According to the Better Hearing Institute in February 2010, the number of Americans with hearing loss has grown to more than 34 million, or roughly 11 percent of the U.S. population. The study found that over the last generation, hearing loss among Americans has increased at a rate of 160 percent of U.S. population growth and is one of the most commonly unaddressed health conditions in America today. The prevalence of hearing loss over the last 20 years has grown from 266 to 295 people per thousand U.S. households.
According to Sergei Kochkin, PhD, executive director of BHI, “Unaddressed hearing loss silently creeps into virtually every aspect of daily living and seriously erodes quality of life.” “The issue of moving a person from admission of their hearing loss, to recognition of the problems hearing loss causes in their lives, to positive action to treat their hearing loss, is extremely complex and multi-dimensional. Early education to achieve recognition of hearing loss and information on the value of hearing healthcare must remain priorities for the foreseeable future.”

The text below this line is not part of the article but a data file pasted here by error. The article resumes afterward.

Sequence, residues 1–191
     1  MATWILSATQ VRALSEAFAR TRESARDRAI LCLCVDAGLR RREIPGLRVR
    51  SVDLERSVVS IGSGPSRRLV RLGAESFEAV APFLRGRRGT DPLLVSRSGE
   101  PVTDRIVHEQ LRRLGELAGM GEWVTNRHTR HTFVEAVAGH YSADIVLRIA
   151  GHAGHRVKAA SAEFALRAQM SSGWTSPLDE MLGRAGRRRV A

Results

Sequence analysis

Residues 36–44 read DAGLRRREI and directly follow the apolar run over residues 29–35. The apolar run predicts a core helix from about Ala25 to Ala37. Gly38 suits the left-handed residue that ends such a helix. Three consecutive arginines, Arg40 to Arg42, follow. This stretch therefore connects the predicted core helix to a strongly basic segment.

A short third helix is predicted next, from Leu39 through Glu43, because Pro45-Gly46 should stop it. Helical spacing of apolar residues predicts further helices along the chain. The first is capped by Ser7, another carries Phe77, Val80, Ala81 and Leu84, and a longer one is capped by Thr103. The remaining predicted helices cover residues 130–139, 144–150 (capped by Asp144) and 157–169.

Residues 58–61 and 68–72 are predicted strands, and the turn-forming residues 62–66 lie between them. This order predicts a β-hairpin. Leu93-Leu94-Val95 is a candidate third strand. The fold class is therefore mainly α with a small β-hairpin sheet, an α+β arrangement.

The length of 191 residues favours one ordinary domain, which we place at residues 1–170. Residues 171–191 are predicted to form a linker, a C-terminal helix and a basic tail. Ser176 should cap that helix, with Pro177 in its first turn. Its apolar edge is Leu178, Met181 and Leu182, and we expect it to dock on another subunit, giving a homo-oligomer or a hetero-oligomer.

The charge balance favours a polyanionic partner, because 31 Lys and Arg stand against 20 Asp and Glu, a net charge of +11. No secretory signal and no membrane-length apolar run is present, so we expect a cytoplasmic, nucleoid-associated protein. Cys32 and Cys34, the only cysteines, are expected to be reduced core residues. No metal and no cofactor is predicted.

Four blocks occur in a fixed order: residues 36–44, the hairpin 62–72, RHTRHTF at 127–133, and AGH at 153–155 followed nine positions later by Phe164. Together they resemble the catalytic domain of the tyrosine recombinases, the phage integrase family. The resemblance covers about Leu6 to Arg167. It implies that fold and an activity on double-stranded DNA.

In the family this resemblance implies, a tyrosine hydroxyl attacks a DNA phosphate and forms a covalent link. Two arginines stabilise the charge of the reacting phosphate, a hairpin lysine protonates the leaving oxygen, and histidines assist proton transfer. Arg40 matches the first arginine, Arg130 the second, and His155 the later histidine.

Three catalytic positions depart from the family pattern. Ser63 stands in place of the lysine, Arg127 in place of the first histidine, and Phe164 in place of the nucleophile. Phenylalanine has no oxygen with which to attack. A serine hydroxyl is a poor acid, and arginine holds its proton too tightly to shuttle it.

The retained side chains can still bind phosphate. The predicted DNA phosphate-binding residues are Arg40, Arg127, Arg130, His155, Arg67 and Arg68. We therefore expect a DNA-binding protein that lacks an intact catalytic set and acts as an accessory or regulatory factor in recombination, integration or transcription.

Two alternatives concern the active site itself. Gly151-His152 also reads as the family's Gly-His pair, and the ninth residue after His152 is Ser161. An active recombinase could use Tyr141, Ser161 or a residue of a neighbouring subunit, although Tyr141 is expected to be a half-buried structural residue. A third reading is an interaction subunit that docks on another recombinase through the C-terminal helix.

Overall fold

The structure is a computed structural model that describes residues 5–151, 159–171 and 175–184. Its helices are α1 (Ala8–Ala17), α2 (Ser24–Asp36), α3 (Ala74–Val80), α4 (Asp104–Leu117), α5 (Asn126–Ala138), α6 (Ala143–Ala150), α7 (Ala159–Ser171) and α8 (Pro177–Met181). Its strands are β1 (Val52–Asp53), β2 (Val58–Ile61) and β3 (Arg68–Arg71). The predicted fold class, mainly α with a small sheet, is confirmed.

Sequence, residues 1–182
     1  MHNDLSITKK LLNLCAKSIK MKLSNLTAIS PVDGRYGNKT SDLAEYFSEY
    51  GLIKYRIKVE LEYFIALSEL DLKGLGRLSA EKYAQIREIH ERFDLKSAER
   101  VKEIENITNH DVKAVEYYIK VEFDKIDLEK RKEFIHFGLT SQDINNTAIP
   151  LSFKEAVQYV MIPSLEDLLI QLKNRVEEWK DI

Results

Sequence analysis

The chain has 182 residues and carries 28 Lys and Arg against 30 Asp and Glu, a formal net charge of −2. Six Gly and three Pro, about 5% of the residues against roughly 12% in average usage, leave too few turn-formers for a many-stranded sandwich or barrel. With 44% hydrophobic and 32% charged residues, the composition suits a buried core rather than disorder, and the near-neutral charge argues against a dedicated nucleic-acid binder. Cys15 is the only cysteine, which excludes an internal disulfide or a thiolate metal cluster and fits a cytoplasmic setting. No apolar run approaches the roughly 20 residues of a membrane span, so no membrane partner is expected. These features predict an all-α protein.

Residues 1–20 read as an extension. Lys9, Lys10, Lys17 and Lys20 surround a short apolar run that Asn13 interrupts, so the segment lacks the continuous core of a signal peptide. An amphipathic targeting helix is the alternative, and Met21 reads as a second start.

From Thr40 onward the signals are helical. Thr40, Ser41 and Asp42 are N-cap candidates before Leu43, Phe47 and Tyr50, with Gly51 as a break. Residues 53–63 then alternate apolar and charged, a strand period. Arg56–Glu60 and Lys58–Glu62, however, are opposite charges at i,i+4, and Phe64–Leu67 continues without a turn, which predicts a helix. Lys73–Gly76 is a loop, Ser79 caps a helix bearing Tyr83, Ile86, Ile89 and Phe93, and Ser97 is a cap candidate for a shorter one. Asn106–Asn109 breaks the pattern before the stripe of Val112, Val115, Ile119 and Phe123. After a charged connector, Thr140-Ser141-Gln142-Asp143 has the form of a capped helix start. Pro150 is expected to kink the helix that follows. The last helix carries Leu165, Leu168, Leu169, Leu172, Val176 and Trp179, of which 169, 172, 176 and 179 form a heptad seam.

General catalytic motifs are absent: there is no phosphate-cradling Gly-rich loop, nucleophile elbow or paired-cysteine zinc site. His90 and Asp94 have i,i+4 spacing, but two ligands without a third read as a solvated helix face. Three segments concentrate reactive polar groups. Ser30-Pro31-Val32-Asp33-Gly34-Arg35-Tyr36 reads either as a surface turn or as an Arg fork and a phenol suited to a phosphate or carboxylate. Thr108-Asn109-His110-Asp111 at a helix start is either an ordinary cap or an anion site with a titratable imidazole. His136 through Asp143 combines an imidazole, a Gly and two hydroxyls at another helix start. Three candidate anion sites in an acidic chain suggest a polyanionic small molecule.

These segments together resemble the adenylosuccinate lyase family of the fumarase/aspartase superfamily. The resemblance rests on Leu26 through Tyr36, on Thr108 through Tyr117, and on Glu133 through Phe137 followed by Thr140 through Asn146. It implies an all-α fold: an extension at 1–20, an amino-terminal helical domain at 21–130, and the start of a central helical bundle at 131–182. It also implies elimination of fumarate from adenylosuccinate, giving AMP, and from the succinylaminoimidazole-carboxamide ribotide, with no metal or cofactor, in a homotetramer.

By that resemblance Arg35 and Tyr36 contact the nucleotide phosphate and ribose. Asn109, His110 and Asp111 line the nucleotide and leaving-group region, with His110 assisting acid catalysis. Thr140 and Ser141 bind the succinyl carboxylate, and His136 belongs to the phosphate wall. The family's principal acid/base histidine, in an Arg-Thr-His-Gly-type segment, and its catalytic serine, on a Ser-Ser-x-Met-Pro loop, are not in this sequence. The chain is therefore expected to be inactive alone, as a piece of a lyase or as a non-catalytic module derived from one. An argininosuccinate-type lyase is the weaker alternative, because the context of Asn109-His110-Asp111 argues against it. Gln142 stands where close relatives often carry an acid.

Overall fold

The effects of untreated hearing loss can be especially devastating for children. Even a mild hearing loss can have a negative impact on language competence, cognitive development, social and emotional well-being, and academic achievement.